Kate Miller ’02 grew up in Indiana and is a bit fuzzy now on how she landed at Northland College. But, she clearly remembers her freshman year with professors Jim Meeker and Dorothy Lagerroos—a life-changing block semester of outdoor labs, long-term monitoring, and plant identification. “I didn’t know people who knew plants before that,” she said.
Miller is now the plant ecologist for the Northeast Temperate Network Inventory and Monitoring Program and is the project lead for implementing forest health, freshwater wetlands, and invasive species early detection protocols. Last year, she earned her PhD in biological science from the University of Maine.
She stopped by campus in November while on a work-related trip to the region. In addition to work, she squeezed in a talk to the campus and community about what she learned from twelve-plus years of forest monitoring in eastern national parks, a hike on Meeker’s land with her college friend Sarah Johnson ’02, associate professor of natural resources, and a conversation with Johnson’s botany class.
She and Johnson both studied under Professor of Botany Jim Meeker, now deceased, and both credit Meeker for their passion for plants. “Jim Meeker got me on the path,” Miller said.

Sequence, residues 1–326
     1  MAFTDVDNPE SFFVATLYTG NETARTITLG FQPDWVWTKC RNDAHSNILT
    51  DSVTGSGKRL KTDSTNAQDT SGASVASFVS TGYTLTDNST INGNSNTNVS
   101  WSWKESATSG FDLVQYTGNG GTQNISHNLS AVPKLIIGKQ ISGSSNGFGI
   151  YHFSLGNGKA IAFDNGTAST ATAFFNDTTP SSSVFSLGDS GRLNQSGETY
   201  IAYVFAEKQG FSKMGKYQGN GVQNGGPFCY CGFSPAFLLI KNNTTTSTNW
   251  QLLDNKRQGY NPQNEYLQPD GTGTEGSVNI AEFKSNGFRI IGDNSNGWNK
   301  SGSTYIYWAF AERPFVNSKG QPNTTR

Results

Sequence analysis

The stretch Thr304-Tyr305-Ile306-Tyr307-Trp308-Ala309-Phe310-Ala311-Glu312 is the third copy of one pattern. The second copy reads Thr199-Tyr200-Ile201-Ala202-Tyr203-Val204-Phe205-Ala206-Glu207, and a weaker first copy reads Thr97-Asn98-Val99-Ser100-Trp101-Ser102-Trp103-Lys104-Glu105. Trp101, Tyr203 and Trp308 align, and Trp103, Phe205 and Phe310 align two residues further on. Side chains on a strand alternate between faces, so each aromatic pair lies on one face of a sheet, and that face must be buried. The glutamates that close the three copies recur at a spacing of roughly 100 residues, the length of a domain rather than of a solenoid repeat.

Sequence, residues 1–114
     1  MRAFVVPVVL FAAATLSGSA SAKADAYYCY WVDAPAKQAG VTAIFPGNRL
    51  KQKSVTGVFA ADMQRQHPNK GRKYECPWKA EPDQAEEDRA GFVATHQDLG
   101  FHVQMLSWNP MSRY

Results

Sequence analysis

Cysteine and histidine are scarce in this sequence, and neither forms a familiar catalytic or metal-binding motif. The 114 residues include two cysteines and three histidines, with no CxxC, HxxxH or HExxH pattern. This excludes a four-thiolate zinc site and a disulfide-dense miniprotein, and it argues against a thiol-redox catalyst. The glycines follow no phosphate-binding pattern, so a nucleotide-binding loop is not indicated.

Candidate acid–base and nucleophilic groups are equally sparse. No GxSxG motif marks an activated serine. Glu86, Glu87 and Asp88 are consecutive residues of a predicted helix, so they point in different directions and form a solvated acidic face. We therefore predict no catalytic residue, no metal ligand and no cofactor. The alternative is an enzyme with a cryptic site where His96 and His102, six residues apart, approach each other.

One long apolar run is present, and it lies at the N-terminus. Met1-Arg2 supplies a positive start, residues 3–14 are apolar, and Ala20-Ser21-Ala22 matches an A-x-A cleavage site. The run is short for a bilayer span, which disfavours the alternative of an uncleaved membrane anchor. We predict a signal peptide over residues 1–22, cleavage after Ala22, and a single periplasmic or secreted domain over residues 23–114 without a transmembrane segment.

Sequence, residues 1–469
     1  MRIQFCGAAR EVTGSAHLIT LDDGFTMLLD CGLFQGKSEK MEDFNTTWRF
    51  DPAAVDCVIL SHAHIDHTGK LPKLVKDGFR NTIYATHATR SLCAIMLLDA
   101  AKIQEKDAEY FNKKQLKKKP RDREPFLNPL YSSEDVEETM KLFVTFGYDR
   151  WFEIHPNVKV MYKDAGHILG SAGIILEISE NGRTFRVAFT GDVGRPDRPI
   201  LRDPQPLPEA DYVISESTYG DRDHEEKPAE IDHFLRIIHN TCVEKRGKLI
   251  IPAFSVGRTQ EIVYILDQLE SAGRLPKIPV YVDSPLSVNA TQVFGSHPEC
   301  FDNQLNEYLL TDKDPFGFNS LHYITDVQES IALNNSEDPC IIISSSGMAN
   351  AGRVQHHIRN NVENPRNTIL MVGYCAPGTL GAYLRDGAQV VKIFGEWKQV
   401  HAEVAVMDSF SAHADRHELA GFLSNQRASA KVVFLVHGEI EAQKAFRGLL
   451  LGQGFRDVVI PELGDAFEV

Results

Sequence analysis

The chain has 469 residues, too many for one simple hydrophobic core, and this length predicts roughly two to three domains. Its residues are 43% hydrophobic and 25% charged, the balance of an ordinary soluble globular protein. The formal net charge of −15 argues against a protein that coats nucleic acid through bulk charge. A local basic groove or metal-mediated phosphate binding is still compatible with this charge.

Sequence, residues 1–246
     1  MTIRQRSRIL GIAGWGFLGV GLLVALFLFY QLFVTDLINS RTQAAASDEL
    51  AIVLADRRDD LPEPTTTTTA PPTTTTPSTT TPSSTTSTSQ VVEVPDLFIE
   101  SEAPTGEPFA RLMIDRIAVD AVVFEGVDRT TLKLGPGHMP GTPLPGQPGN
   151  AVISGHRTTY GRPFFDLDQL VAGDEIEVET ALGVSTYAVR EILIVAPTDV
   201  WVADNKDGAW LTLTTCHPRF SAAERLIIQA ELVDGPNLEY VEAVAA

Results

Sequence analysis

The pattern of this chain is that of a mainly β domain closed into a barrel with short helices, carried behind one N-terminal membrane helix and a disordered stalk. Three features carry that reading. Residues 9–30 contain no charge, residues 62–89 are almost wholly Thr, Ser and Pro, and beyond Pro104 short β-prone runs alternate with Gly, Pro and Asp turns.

Miller left Wisconsin for Maine in 2003 with partner Tara King ’01 to pursue a master of science at the University of Maine, where she studied the impacts of forestry on arboreal lichen and insect communities. Soon, after finishing her masters, she started her current job as a plant ecologist with the National Park Service and received her PhD in 2018 focused on regional vegetation patterns to assess condition and vulnerability of eastern park vegetation to climate change.
Miller is responsible for analyzing the plant life in the forests from Acadia National Park in Maine down the coast to New Jersey. “Acadia forests are in good shape but in other parks, not so much,” she said. “We know the problems—invasives and an overabundance of deer—we just need the funds to address the problems.”